Take a deep breath | A Column by Len Johnson

Take a deep breath. Contain your excitement. It is now only a few more sleeps before the Olympic Games open in Rio de Janeiro on 5 August.

The ‘take a deep breath’ advice is actually a little belated, given the extent of the hyperventilating around these Olympics.

For a start, there has been Russia. And Russia. And Russia.

Plus, of course, the usual Olympic standbys. Will the venues be ready. Will the transport run on time. Will it even run at all. Is every Olympic visitor guaranteed either being a victim of, or witness to, a crime while in Rio, as claimed by one security “expert”.

And did I mention Russia?

Where to start. Well, let’s start with Russia, and the decision by the International Olympic Committee to handball back to its international sports federations the determination of whether Russian athletes should be allowed to compete.

Russia, in case you have just got back from another planet, has been found by the World Anti-Doping Authority (WADA) to have engaged in systemic doping, and covering up thereof, across almost all the Olympic sports.

Forgetting for the moment that Canadian lawyer Richard McLaren’s report was as much akin to a prosecutor’s brief as to a forensic presentation of guilt, there are a number of issues that should be considered before blanket bans apply.

Nonetheless, the IOC was largely hammered from pillar to post for what was seen as a failure of leadership. Helped by strategic leaking, the demand had been created even before the IOC met that Russia should be totally banned from the Rio Games.

It is possible to combine both a distaste for what Russia has been accused of, and in some cases been shown to have done, with an equal distaste for blanket bans. Athletics had applied its own blanket ban, with limited possibility of exemption for individual athletes, after conducting its own internal investigations.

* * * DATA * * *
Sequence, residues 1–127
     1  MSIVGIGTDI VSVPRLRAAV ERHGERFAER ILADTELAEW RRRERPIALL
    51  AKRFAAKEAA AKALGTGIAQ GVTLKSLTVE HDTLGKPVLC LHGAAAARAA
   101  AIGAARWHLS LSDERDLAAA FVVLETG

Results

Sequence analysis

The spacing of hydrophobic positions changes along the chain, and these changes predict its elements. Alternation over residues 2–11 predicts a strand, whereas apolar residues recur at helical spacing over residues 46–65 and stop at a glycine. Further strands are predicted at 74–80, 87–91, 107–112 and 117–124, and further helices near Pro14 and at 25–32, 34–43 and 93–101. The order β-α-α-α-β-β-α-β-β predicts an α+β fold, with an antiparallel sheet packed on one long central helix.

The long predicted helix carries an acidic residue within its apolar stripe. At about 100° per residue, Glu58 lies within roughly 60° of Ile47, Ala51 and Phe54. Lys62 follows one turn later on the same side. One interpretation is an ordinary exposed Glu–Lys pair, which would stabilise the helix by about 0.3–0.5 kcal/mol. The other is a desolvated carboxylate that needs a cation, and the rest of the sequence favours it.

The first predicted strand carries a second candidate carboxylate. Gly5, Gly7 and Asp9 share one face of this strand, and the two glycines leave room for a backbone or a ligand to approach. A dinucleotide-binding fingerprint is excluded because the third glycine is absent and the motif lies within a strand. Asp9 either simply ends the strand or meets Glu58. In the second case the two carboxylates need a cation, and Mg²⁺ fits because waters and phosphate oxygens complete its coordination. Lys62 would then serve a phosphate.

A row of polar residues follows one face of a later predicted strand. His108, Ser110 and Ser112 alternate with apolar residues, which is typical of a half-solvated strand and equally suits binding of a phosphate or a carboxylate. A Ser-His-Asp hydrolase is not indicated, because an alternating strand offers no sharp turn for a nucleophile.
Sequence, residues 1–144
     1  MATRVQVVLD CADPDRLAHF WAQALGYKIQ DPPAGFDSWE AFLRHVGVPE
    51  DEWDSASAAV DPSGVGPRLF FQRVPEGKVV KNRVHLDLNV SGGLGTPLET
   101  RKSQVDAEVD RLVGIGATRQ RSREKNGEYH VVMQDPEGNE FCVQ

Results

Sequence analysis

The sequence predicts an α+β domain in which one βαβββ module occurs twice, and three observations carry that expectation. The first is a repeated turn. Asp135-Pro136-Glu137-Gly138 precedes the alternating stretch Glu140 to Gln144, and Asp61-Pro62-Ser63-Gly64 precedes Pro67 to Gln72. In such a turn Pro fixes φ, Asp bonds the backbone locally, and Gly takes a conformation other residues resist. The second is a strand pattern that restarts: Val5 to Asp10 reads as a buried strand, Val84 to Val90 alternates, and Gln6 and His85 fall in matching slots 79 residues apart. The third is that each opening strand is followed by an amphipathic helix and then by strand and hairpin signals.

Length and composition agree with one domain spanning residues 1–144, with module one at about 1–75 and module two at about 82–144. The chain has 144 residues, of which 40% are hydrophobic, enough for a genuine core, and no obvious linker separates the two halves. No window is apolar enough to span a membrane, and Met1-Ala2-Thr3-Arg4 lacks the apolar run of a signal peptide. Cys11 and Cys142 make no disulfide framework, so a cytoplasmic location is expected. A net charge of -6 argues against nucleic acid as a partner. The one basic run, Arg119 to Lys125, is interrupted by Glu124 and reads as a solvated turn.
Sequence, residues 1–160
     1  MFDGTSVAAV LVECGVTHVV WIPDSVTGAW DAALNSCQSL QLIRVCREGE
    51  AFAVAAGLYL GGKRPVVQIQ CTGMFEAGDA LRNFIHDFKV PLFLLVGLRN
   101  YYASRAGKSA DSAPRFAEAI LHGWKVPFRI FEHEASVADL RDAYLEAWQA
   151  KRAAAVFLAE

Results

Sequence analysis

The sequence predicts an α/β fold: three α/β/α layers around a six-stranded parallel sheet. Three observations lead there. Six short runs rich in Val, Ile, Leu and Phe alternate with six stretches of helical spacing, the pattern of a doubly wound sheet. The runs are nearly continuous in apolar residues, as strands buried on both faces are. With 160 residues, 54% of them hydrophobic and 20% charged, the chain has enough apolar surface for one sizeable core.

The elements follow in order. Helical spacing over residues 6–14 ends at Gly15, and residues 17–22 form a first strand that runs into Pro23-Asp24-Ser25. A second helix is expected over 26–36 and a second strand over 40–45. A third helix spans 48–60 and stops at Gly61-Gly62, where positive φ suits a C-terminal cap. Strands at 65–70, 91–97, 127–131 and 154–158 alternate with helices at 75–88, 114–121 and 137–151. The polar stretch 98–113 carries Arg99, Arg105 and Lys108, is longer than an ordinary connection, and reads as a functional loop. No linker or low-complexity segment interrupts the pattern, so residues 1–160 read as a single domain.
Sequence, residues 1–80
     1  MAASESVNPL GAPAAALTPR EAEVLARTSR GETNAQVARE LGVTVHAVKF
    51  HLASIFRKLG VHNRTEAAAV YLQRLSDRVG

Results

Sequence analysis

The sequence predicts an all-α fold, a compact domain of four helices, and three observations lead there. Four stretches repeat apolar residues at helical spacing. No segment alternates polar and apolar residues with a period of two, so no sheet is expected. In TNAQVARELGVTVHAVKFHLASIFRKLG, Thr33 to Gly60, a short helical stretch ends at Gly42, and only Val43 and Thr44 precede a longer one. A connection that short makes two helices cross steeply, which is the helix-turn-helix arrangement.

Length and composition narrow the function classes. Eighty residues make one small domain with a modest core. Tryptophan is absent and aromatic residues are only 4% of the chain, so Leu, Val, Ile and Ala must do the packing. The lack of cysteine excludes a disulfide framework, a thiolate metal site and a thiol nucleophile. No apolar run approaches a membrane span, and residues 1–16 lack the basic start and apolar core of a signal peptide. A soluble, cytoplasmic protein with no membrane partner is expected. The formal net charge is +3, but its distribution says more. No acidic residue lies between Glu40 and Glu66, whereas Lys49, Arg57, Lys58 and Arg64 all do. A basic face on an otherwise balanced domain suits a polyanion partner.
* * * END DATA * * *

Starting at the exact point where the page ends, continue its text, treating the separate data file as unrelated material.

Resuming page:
The IAAF had also given Russian athletics a roadmap to progress to the point of being allowed to compete in Rio and set up a process by which to assess the implementation of the changes demanded. Only when Russia was judged to have not made the necessary progress was it suspended from participation.

Still, blanket bans inevitably impact on the innocent as well as the guilty. If you have reservations about blanket bans, you would have even greater reservations about the IOC or sports federations applying them in the time available between the release of the McLaren report and the opening of the Games.

Advocates for the blanket ban make many valid points. Russia’s actions have amounted to a systematic attempt to corrupt anti-doping processes. On the overwhelming balance of probability, it seems such corruption was countenanced, if not instigated, from the very top down. Some sanction was demanded.

That still begs several questions. Systematic doping should not be thought of as only applying in countries with a high degree of central command. What was Balco, if not systematic. Or Lance Armstrong and the whole Tour de France team thing. Just because it is corporations, or teams, rather than countries, does not make it any less systematic.

Some allege that partial bans against Russia, even a Russia which bars any athlete who has had a major doping infraction, will mean that some dopers win medals in Rio. Guess what. Even if no Russian competes in the Games, some dopers will still win medals, even with re-testing of samples up to 10 years later.

Right from the very first revelations, the Russia debate has also prompted talk of boycotts as well as bans. I have previously been critical of UK Athletics chair Ed Warner for blithely accepting a possible boycott by countries supporting Russia as “a price worth paying”.

Others took up the boycott call and, more recently, a former colleague at The Age, Greg Baum, suggested Australia should boycott Rio if Russia was not barred from competing.

The perennial arguments about the Games no longer living up to their ideals or establishing a permanent site – almost invariably, Greece – for the Games have also got a run-around.

Boycotts never work, have never worked. Nor have ad hoc bans against ‘rogue’ nations. It took a long campaign to ban South Africa from the Olympics and, subsequently, world sport. That campaign was successful precisely because when it was eventually applied it enjoyed virtually universal support.

And boycotts damage the Olympic movement, as anyone even vaguely familiar with the impact of successive Olympic boycotts from 1976 (by African nations against New Zealand’s continuing rugby ties with South Africa), 1980 (by the USA and some of its allies in protest against The Soviet Union invasion of Afghanistan) and 1984 (the Soviet retaliation for the 1980 boycott) can attest.

There is another truism which applied in all those cases, and will apply again in Rio from 5 August both in those sports with Russian participation and those, like athletics, without it.

As expressed by Carl Lewis, who made the 1980 US team that did not compete in Moscow, it goes: “When the Games start, nobody talks about who is not there, they talk about who is there.”